What is a topic in edtech that you don’t think gets talked about enough?
I believe there are two closely related topics that I don’t think get talked about in edtech. The first is professional learning. It should come as no surprise to anyone that in the data we collect, we can see that the schools that are supporting the implementation of our services with professional learning are seeing more usage and meeting their metrics of success. But driving the ROI of an edtech purchase is only part of the reason to provide educators more professional learning.
Teachers are our education system’s greatest resource, but we must be able to continue to build their capacity and ability address the constantly evolving challenges of the K-12 environment. My colleague Dr. Karen Beerer, Discovery Education’s Senior Vice President of Teaching and Learning was spot on when she said in an opinion piece on this very site that the availability of ESSER (Elementary and Secondary School Emergency Relief) funds represented a “generational opportunity” to improve educator capacity, and we can’t let that chance slip through our fingers.
The second thing we don’t talk about enough is how we support educators’ continued growth post-professional learning. Communities of practice or professional learning networks offer educators a place where they can connect with their peers to continue to discuss what works, and share ideas. Discovery Education supports one of the oldest of these communities dedicated to supporting educators using edtech in the classroom. Called the Discovery Educator Network, or DEN, this organization has helped educators around the world connect with one another and find common solutions to common challenges.
I think if we as an edtech community can elevate the discussion on the importance of professional learning and the power of communities of practice, we will be better off in supporting the teachers and administrators at the heart of our education system.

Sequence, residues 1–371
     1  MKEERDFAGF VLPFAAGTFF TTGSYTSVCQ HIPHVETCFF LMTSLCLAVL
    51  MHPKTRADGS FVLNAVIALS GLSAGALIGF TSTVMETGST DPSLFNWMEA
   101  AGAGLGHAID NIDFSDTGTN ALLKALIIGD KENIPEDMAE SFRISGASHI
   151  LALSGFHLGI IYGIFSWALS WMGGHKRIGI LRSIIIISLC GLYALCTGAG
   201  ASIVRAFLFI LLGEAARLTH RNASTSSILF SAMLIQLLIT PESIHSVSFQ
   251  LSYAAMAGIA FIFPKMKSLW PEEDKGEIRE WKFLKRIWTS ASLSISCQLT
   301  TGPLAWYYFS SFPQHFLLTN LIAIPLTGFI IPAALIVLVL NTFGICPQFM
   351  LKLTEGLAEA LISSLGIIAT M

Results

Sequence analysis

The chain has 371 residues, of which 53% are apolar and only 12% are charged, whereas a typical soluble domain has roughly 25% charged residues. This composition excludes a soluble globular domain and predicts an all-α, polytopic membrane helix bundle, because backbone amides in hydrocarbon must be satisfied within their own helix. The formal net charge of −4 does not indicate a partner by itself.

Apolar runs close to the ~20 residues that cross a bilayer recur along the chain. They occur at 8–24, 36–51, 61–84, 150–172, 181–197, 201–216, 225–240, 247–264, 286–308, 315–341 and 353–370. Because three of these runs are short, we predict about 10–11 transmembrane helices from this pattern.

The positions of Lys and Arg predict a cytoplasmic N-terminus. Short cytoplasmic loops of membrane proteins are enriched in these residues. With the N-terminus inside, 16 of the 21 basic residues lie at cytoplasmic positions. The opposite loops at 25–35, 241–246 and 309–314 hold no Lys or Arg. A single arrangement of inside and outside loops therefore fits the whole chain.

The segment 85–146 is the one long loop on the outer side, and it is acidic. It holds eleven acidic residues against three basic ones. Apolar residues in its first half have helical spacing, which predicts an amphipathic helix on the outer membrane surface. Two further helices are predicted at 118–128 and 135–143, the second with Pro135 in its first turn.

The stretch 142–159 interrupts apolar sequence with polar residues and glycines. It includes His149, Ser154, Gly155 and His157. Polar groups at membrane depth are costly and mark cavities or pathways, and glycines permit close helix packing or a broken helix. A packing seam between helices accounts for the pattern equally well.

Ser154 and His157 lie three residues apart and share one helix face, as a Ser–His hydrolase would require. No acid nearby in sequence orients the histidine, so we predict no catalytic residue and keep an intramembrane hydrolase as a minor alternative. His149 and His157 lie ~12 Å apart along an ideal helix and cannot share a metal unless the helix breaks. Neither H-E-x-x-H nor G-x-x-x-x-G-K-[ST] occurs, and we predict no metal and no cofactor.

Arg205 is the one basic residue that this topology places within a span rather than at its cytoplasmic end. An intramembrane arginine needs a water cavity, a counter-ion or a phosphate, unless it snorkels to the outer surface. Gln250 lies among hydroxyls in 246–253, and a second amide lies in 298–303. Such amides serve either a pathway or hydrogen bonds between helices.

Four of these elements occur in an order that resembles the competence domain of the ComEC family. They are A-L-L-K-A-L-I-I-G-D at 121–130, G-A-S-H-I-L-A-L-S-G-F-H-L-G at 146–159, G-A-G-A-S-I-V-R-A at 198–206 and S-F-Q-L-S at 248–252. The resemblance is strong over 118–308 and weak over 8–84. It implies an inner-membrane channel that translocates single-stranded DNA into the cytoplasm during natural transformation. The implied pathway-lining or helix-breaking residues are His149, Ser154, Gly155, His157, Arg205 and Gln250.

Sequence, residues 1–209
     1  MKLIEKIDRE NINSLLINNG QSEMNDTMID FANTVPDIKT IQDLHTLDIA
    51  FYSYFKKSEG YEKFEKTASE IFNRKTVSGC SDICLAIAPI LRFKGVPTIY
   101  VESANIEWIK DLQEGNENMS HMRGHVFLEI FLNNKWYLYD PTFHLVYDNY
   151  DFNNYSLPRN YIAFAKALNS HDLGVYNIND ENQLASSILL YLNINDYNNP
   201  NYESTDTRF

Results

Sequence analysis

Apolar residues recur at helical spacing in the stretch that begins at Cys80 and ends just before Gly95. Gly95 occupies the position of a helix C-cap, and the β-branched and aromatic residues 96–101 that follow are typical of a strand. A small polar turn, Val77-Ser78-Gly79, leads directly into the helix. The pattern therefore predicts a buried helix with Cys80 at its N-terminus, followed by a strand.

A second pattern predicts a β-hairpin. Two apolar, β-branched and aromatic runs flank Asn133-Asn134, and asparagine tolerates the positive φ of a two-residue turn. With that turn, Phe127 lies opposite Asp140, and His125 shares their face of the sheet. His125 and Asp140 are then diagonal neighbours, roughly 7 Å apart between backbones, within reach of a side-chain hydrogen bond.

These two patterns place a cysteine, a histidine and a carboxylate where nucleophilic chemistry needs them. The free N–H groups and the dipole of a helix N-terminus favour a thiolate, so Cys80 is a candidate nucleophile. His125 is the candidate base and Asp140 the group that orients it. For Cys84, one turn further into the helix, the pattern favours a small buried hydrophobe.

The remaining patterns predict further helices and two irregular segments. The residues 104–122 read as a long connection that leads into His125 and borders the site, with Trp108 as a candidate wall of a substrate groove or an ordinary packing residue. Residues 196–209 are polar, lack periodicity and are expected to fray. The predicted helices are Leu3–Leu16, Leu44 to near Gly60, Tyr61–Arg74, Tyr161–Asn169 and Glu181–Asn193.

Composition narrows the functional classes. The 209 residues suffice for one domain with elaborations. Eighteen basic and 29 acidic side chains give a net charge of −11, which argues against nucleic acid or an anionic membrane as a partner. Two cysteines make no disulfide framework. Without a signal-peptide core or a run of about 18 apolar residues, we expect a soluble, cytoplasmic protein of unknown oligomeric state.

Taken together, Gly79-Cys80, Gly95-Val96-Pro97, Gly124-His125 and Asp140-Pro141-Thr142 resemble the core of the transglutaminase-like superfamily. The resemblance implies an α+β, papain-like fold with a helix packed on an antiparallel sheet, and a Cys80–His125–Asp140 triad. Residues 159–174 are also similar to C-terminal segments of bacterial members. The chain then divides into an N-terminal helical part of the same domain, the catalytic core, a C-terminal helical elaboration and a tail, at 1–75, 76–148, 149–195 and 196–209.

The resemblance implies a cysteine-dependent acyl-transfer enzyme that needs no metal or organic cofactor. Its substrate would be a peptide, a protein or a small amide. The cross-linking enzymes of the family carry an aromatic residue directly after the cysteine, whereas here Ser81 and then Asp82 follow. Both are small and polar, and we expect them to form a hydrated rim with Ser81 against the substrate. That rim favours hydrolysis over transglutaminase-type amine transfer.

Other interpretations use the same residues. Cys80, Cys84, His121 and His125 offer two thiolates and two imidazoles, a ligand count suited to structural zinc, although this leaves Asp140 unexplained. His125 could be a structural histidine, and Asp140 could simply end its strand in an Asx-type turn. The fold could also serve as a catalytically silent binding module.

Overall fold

‘…if we as an edtech community can elevate the discussion on the importance of professional learning … we will be better off in supporting the teachers and administrators at the heart of our education system.’
In your opinion, what is the state of the edtech community today?
Oh, I think it’s stronger than ever. There is so much great work being done by companies around the world that is heightening the competition among edtech providers. This competition is driving a new level of innovation that will ultimately benefit teachers and students. It’s an incredibly exciting time to be in edtech, and I can’t think of any place I’d rather be than in this industry among the talented team at Discovery Education.
And the state of K-12 education?
Look, I said it before: Teachers are our education system’s greatest resource. I think K-12 education is only as strong as our teachers, and they are under tremendous strain right now. Edtech companies must do everything they can to support teachers at this moment. We need to provide them with powerful tools that help them scale best practice while saving them time and effort.
Our nation’s educators are the best in the world. Walk into any classroom and you will see their resilience, creativity, and “can do” spirit. I think because of them, the state of K-12 education is strong, but it is up to the edtech industry, and all education stakeholders, to continue to provide them with every means of support.
Victor Rivero is the Editor-in-Chief of EdTech Digest. Write to: email@example.com